Protests have continued in the Dominican Republic on Thursday, February 20, for a fifth consecutive day with several hundred if not thousands of participants. The calls continue for leaders of the Central Electoral Union (JCE) to step down. Protests were reported in Puerto Plata, San Francisco de Macoris, Punta Cana, San Cristóbal, and Navarrete, though the largest were in the capital Santo Domingo and in Santiago. While the protests are largely peaceful, significant transportation disruptions have been reported in the centers of the aforementioned cities. In Santo Domingo, protests were mainly concentrated in Plaza de la Bandera and those in Santiago were held at the Monument to the Heroes of the Restoration and its surroundings.
A protest and march have been scheduled in Santiago on Sunday, February 23, starting at 09:00 (local time) from the intersection of Avenida 27 de Febrero and Núñez de Cáceres. Participants will later march to the Junta Central Electoral where they will likely remain for some time in protest.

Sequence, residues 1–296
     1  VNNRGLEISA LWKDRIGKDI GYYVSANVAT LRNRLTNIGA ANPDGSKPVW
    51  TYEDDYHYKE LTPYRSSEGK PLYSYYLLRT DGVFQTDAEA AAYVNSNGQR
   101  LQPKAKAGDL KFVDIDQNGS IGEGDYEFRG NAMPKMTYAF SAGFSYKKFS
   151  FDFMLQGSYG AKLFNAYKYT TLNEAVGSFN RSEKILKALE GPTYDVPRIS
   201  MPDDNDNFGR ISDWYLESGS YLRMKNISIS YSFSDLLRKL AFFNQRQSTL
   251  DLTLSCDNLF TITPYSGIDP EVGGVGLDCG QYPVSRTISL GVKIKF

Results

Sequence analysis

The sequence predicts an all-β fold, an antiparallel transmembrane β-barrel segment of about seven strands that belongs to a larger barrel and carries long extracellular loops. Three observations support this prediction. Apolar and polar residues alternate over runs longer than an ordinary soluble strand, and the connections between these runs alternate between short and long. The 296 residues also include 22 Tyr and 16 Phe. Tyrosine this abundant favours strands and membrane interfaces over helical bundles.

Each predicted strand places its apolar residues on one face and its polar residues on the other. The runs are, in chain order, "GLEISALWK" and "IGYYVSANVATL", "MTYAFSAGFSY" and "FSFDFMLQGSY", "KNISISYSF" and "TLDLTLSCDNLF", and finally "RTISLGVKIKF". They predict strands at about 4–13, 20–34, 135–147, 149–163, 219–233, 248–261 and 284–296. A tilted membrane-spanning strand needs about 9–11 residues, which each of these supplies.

Social media sources have also indicated that a nationwide protest is possible on Thursday, February 27, which is Dominican Independence Day. Several thousand protesters may participate.
Protests are, however, likely to continue daily across the country until the JCE speaks out on protester demands. A heightened security presence and transportation disruptions should be expected in the vicinity of all gatherings.
Municipal elections were held on February 16, in which several polling centers operating electronic ballots reported glitches. Following these reports, several protests were reported in cities across the country as a response to the glitches, seen as election rigging by the leading party, the Dominican Liberation Party (PLD). The electronic system was used in just 18 of the 158 municipalities - areas with high population density. The Central Electoral Union (JCE) subsequently suspended the elections and called for a new vote on March 15.
Individuals in the Dominican Republic are advised to monitor the situation, avoid all large public gatherings as a precaution, adhere to instructions issued by local authorities and their home governments, and refrain from discussing political topics in public or on social media.
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